An appeal into the 2017 election of chief of Fond du Lac Denesuline Nation must be re-heard, a federal judge has ruled.
The ruling, from Honourable Mr. Justice Favel, dated December 21, brings the case back to the days immediately following the 2017 vote, the election’s runner-up says.
Kevin Mercredi lost to Louis Mercredi in the September 15, 2017 election by a mere two votes.
However, Mercredi appealed the results on the basis that three of the polling clerks who were appointed to assist the chief electoral officer were selected after having already voted in the election. According to Fond du Lac’s election law, electoral officials, including polling clerks, may not participate in a elections as a candidate, nominator, seconder or voter.
The appeal was to be heard by an appeal board, which was supposed to have been set 45 days prior to election day. However, in 2017, that board was not set. The chief electoral officer later named five people to the board, but no band council resolution was passed for their appointment. A band council resolution is required under the election act.
That appeal board originally ruled in Kevin Mercredi’s favour, declaring the office of Chief vacant and calling a by-election.
A week later, after being prompted by a letter from the Chief-elect’s legal counsel, they unanimously reversed the decision and dismissed the appeal, stating that “due to a time factor we feel that there are some issues that were overlooked and things were not followed through in the proper order.”
A little under a month later, Kevin Mercredi requested judicial review of the appeal board’s second decision.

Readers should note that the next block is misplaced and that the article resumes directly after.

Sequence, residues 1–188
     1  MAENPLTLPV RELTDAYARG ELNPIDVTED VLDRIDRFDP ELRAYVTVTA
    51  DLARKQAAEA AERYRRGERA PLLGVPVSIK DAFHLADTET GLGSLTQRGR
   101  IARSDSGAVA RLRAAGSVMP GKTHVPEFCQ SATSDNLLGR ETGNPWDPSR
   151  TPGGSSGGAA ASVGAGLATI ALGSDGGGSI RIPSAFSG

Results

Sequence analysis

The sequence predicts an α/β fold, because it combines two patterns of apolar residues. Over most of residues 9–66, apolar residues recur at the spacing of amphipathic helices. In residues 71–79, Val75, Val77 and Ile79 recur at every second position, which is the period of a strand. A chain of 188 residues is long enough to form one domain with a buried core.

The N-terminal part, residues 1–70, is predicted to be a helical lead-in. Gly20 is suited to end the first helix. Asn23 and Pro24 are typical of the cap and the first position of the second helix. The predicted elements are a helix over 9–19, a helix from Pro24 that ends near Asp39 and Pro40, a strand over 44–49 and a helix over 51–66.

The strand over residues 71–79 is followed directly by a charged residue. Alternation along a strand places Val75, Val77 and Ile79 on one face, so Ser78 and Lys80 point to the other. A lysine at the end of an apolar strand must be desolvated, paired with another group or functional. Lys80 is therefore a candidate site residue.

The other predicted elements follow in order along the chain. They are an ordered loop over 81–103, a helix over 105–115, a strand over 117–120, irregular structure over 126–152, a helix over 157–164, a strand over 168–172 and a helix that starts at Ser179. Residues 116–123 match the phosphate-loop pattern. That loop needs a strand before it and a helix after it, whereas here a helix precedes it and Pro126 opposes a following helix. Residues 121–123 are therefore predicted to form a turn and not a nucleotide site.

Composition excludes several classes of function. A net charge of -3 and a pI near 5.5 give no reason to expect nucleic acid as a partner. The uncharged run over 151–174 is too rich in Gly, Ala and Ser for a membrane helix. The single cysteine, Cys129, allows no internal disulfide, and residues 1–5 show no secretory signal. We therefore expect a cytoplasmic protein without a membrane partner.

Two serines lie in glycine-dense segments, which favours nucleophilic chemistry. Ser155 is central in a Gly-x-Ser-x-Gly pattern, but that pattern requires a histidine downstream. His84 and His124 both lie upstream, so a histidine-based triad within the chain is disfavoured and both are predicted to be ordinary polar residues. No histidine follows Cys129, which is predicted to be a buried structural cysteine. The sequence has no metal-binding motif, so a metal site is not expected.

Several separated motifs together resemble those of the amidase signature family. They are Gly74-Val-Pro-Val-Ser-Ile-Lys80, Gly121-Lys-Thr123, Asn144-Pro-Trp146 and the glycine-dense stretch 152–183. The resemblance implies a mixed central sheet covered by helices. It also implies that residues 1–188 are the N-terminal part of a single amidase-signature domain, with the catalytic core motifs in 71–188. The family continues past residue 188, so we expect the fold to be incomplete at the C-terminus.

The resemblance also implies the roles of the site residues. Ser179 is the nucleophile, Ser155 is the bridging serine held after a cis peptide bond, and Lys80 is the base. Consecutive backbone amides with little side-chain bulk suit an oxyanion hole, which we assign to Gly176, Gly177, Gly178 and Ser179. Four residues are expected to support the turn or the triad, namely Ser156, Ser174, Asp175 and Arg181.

At the time, he called the board’s rejection of his appeal “mob rule.
“Just a show of hands should not deny me my rights as a candidate,” he said.
After hearing arguments from both Kevin Mercredi and Fond Du Lac, Justice Favel deemed that the appeal board had been formed improperly. He denied Kevin Mercredi’s request that the office of chief be vacated and a by-election called.
Instead, Favel ruled that a new appeal board be formed and the original appeal be heard again.
“The Court has acknowledged on several occasions that it would prefer to find the least intrusive manner in which to oversee election matters out of respect for the efforts the First Nation and its membership have taken to enact rules governing their election processes,” Favel wrote.
“A newly constituted Appeal Board will be in the best position to assess the merits of the Applicant’s appeal. Sending this matter back to a newly constituted Appeal Board also respects the intentions and aspirations of the community.”
Kevin Mercredi was pleased with Favel’s decision.
“This decision is giving authority back to the people, according to our election act,” he said.
“It’s putting us back on track to finish off the process, which was done improperly, to do it right. It puts us right back to the day after the election. Now they’ve got to follow the process of the election act.”
Kevin Mercredi said it’s up now to chief and council to ensure the entire community is properly informed as to what the plan is to move forward. He hasn’t heard yet from Fond du Lac, but knows that they are aware of Favel’s ruling.
He acknowledged that the ruling doesn’t necessarily mean the First Nation will be heading to a by-election, but said that if he does eventually become chief, there will be changes. He said he knows of many people in the community who are displeased and said that if things turn out differently, some deals and agreements may need to be reviewed.
“We’ll see how this all goes, how this plays out, navigating these legal waters,” he said.
“They’ve admitted it was improper. They should honourably respect the judge and the wishes of the membership. The onus is on the assumed chief and council to act accordingly.”
Several attempts to contact Fond Du Lac and Chief Louis Mercredi were unsuccessful. The community’s lawyer was not available for comment. A response from Fond du Lac will be published should one be made available.